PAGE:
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Capturing a vanishing way of life


‘Parallel Lines’ by Gadd depicts a street scene. It is from the ‘Up Your Alley’ exhibition.

‘Parallel Lines’ by Gadd depicts a street scene. It is from the ‘Up Your Alley’ exhibition.

‘VILLAGE’ and ‘Up Your Alley’, a pair of ongoing photography exhibitions in Penang, aims to capture quiet everyday moments, saving them for posterity.

‘Village’ is shown at Art Space I of China House in Beach Street while ‘Up Your Alley’ takes place at 179 The House along Victoria Street, both in George Town.

Each features several dozen works by photographers, both professional and amateur, from Kuala Lumpur-based studio and gallery Print Room.

Founder of Print Room Paul Gadd said most of the featured pieces were hand-printed in a traditional darkroom.

‘Village’ tells the story of Kam-pung Segambut Dalam, a rustic enclave in the upscale neighbourhood of Mont Kiara in Kuala Lumpur. The village is gradually disappearing to make way for high-rises.

1 Guests viewing images of Kampung Segambut Dalam snapped by The Print Room’s photographers, on display at the Village exhibition in China House. (Jeremy Tan / Sept 11, 2015)
Guests viewing images of Kampung Segambut Dalam at the ‘Village’ exhibition.

Gadd said the 14 photographers involved, upon realising that time was running out for the village, decided to document its existence before it is gone for good.

They frequently dropped by to photograph the people, animals, shops and homes that exist under the growing shadow of development. Some parts of the village have since been demolished.

“Bit by bit, the village is disappearing. This isn't something unique to Kuala Lumpur. It happens in so many cities across the world,” he said at the show's opening recently.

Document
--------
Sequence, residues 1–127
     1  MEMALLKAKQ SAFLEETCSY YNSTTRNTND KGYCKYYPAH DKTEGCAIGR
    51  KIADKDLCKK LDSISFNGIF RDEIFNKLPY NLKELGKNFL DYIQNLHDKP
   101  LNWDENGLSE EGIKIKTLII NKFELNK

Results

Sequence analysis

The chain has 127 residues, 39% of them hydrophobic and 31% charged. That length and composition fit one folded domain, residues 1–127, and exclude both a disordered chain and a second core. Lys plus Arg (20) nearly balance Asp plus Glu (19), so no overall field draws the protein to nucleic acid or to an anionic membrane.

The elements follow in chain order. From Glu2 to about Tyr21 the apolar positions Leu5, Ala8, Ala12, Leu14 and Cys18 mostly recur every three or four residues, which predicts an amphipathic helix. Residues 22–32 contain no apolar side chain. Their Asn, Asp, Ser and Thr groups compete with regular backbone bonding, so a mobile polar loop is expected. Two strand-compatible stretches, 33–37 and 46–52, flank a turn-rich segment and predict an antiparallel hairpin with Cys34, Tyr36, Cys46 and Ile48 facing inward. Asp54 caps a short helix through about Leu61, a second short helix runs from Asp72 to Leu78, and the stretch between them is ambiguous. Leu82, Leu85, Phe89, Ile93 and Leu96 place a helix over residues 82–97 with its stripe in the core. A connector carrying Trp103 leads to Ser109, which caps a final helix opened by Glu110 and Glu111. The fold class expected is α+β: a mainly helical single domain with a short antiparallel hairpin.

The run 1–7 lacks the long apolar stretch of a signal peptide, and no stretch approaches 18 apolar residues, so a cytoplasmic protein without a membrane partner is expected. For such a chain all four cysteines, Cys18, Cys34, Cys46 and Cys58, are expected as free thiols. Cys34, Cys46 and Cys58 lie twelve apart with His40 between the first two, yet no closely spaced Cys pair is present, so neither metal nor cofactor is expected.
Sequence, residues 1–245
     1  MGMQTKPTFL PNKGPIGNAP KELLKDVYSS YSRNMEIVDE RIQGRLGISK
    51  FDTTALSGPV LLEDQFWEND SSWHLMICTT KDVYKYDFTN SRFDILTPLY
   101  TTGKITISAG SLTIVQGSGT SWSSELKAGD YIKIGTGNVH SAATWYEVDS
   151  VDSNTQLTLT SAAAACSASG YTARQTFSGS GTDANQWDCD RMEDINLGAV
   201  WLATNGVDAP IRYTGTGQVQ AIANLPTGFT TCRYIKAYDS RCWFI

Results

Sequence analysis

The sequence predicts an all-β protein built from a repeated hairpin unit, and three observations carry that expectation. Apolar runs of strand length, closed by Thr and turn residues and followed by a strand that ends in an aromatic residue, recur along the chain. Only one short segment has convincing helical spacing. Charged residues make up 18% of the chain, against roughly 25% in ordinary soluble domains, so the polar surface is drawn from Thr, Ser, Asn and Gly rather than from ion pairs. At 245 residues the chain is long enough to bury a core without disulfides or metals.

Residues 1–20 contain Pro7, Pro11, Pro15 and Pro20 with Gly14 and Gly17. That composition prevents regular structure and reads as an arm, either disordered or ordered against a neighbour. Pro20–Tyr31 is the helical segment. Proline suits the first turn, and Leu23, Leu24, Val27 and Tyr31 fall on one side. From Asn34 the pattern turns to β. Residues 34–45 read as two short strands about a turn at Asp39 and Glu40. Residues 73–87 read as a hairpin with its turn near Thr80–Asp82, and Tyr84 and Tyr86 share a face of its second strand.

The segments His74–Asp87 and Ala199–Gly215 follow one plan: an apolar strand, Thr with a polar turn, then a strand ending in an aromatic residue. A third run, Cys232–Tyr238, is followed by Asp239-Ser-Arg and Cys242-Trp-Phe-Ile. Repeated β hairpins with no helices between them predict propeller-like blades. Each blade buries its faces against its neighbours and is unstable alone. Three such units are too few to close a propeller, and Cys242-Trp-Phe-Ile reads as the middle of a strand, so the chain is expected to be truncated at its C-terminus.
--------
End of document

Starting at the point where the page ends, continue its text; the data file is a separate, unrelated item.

Gadd is an Englishman who lives in Seoul but he also spends a lot of time in Malaysia.

He described his fascination with villages when he first came to Malaysia over a decade ago.

“They’re very quaint. When we went around photographing Kampung Segambut Dalam, the local folk were extremely friendly and would welcome us into their homes,” added Gadd, whose works were featured in both exhibitions.

4 Susan Haveman’s untitled print which highlights the contrast in facades of rustic dwellings and modern high-rises. (Jeremy Tan / Sept 11, 2015)
Susan Haveman’s untitled print highlights the contrast between rustic villlage homes and modern high-rises.

‘Up Your Alley’ features pieces shot in countries like England, South Korea, Japan, Bangladesh, Switzerland and Malaysia.

It focuses on street photography, capturing the essence of a place and the daily lives of the people there.

Both exhibitions run until Oct 4. ‘Village’ is open for viewing from 10am to 11pm daily while ‘Up Your Alley’ is from 10am to 7pm daily. Admission is free for both.

For details, call China House at 04-2637299.

Northern Region , bureaus

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